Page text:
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Cracking the Code to Online Success

Photo credit: http://bit.ly/I1xJV7
Photo credit: http://bit.ly/I1xJV7

Photo credit: http://bit.ly/I1xJV7

I did some interviews recently with Jacob Templin from Time Magazine about the realities of the music business today and what is working for some bands.

Here is one of the videos.  Unfortunately you have to endure a 15 second ad before viewing the story.

With hit songs like Code Monkey, the software developer turned musician turned internet superstar Jonathan Coulton has figured out how to market his music online. His strategy: Give music away and let people play with it.

http://c.brightcove.com/services/viewer/federated_f9?isVid=1

There are two other videos on the Time.com website.  Enjoy.

1) Progressive rock band Umphrey’s McGee gives fans a chance to take part in its live shows. All they need is a cell phone and an idea.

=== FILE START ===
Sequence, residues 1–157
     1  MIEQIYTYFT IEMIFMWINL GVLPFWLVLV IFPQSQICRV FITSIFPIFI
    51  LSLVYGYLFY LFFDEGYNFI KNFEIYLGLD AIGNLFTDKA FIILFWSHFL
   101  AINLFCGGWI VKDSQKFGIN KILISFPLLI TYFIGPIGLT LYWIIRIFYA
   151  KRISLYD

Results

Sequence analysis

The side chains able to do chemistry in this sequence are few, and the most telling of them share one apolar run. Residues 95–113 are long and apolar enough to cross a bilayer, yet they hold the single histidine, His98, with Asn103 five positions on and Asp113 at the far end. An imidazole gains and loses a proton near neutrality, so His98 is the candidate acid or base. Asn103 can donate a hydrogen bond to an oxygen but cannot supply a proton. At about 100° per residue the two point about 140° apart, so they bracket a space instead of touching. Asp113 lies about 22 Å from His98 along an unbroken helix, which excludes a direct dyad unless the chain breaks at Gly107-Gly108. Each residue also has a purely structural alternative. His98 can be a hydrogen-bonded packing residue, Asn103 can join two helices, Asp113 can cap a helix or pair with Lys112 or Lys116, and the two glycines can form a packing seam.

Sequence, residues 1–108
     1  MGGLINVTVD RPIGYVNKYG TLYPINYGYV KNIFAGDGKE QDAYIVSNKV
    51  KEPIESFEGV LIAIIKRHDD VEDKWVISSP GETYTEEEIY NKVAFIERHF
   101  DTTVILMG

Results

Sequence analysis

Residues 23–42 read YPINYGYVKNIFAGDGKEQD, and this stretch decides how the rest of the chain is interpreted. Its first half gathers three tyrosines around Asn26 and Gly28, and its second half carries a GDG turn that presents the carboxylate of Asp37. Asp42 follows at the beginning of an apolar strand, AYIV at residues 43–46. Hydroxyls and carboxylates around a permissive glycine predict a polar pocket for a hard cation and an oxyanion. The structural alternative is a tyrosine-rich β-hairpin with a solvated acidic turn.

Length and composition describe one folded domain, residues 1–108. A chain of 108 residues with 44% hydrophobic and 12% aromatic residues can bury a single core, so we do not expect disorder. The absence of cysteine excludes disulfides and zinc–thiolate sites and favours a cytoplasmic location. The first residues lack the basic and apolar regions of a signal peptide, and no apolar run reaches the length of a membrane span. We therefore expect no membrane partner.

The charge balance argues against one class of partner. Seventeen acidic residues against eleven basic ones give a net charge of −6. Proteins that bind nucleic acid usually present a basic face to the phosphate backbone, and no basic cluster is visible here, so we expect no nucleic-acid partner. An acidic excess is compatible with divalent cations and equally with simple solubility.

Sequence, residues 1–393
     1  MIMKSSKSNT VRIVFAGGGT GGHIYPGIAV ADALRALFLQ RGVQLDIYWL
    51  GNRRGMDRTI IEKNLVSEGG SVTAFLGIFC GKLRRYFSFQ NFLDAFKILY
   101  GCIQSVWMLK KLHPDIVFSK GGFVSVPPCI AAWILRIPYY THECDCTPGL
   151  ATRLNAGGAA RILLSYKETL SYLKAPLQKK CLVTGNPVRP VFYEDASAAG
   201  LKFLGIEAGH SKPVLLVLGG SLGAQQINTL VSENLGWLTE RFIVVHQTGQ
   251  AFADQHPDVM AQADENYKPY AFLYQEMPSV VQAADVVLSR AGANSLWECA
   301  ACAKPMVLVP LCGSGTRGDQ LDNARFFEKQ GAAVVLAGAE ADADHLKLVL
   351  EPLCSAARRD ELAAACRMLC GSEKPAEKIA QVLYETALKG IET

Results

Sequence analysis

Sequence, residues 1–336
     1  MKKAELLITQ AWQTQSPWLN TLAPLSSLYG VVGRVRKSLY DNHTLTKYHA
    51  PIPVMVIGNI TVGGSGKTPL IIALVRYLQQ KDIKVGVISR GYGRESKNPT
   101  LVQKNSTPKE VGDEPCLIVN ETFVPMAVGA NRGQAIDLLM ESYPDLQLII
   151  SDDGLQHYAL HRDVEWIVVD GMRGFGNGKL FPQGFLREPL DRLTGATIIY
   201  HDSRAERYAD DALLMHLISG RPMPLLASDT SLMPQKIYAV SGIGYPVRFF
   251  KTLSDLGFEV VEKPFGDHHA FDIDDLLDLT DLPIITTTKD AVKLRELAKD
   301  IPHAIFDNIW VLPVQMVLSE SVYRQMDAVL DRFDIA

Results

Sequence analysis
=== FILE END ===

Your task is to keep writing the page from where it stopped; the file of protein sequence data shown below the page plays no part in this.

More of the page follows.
2) The New Orleans trombone rock band Bonerama is playing a private show for Julia Lunetta’s thirtieth birthday. It’s part of a program that offers fans unique experiences with the band at premium rates

We Welcome Your Comments

Comments

3 replies
  1. Helen Austin says:

    This is a great documentary on something that I really believe in. You get told all the time to be careful that people are going to steal your music but as long as people are listening to my music I am happy… that is why I write music. If I can make some money too, then great, but I would rather people buy it because they want to, not because that is the only way to get it.

  2. Bob says:

    That’s great Helen, but you need money to make music. You need a lot of money to make great music. That’s how it is.

  3. swamp-yankee says:

    When a viable business model emerges, it will have to include room for third party music entrepreneurs to exploit some income, or musicians will be forced to wear too many hats to engage the marketplace properly and still have time to produce quality music.

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